Jetrader - March/April 2013 - 34

In the era of a la carte fare pricing, the Spirit Passenger Usage Fee (PUF)
case could have broader implications on the key revenue sources credited
with returning the airlines to sustained profitability.
certificate. The outcome of this appeal has
the potential to turn decades of established
delivery practice on its head and adds a
level of uncertainty to deliveries governed
by English law until it is resolved.
United (Continental) Cases: Eleven years
after the New York terrorist attacks, the
World Trade Center lessee’s negligent security claims filed against United Airlines
were dismissed. The case alleged United’s
security checkpoint in Portland, Maine, did
not detect the terrorists before they flew
to Boston. Following their arrival, they
boarded an American Airlines flight to carry
out the attack. And more than 12 years
after the crash of Air France Concorde Flight
4590 on departure from Paris, United/
Continental’s conviction for manslaughter
was overturned by a French appeals court.
The conviction of the mechanic who was
charged with improperly installing a metal
strip that fell from a Continental aircraft
was also overturned. The accident investigation concluded that the strip tore one
of the Concorde’s tires sending debris into
its fuel tanks causing the fire that brought
down the aircraft. Continental disputed the
What’s going on? There are limits to
what is foreseeable. The presiding judge in
the WTC case stated: “It was not within
United’s range of apprehension that terrorists would slip through the (Portland)
security screening checkpoint, fly to Logan,
proceed through another air carrier’s security screening and board that air carrier’s

flight, hijack the flight and crash it into
1 World Trade Center, let alone that 1
World Trade Center would therefore collapse
and cause Tower 7 to collapse.” The same
holds true for the Concorde crash case and
whether a mechanic could ever foresee that
an improperly installed metal strip on one
aircraft could cause another aircraft flown
by another airline to catch fire and crash.
Spirit Passenger Usage Fee (PUF) Case: As
expected, Spirit filed a motion to dismiss this class action suit brought under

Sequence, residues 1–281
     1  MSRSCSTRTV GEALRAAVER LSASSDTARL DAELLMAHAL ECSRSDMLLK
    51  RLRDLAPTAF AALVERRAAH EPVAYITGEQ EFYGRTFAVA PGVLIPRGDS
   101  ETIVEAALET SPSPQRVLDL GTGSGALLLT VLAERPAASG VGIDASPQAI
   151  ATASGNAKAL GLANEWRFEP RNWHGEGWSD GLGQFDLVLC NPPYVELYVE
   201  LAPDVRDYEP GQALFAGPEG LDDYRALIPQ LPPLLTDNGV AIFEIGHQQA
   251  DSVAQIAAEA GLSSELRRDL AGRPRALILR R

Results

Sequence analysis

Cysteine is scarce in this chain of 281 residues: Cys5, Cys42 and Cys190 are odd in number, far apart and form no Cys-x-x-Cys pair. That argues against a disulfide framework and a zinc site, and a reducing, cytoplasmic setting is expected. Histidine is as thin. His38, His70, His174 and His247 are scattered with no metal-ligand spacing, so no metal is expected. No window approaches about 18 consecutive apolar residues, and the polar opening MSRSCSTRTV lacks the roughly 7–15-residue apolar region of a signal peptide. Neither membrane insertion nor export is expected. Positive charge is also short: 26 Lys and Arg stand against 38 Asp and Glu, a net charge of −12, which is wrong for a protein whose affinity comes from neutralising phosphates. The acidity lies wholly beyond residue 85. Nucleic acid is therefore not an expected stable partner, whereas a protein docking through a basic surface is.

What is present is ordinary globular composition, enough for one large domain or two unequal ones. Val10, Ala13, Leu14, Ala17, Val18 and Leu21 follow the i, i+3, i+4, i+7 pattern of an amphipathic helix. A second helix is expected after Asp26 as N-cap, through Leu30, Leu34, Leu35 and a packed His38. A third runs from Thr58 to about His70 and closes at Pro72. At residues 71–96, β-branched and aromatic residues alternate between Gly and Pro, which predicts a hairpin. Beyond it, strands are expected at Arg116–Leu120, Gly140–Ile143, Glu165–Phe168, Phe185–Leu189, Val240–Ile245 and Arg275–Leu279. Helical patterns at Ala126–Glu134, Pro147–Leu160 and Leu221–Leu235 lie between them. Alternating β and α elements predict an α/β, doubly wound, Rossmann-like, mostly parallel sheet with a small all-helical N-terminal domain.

U.S. federal racketeering statutes (RICO)
(reported on in the January/February issue
of Jetrader). Spirit argues that airfare pricing
and displays are comprehensively regulated
by the U.S. Department of Transportation.
Therefore, among other things, they argue
that the court, by virtue of the plaintiffs’
racketeering claim, cannot regulate what
Congress gave DOT the authority to do. Spirit
states that RICO is not a, “one-way ticket
around the federal regulations.”
What’s going on? Plaintiffs’ lawyers have
fashioned the best case they can under
the facts given. While the case is just
getting underway, the key hurdle they face
is preemption. DOT has exclusive authority
to regulate airfare advertising and approved
Spirit’s disclosure of the PUF. The plaintiffs’
case can proceed only if the court decides
that RICO provides a private cause of action
outside of the regulatory and enforcement
framework set up by DOT and Congress.
This appears to be a case of first impression in the context of airfare advertising,

but similar actions have generally been
prohibited in relation to other areas where
a comprehensive regulatory framework was
established by Congress. In the era of a
la carte fare pricing, this case could have
broader implications on the key revenue
sources credited with returning the airlines
to sustained profitability.
FAA Proposed Rule on Contract Maintenance:
The U.S. FAA filed a Notice of Proposed
Rulemaking (NPRM) seeking comments on
proposed new rules aimed at enhancing
reporting and related requirements for
maintenance contracted out by FAR Part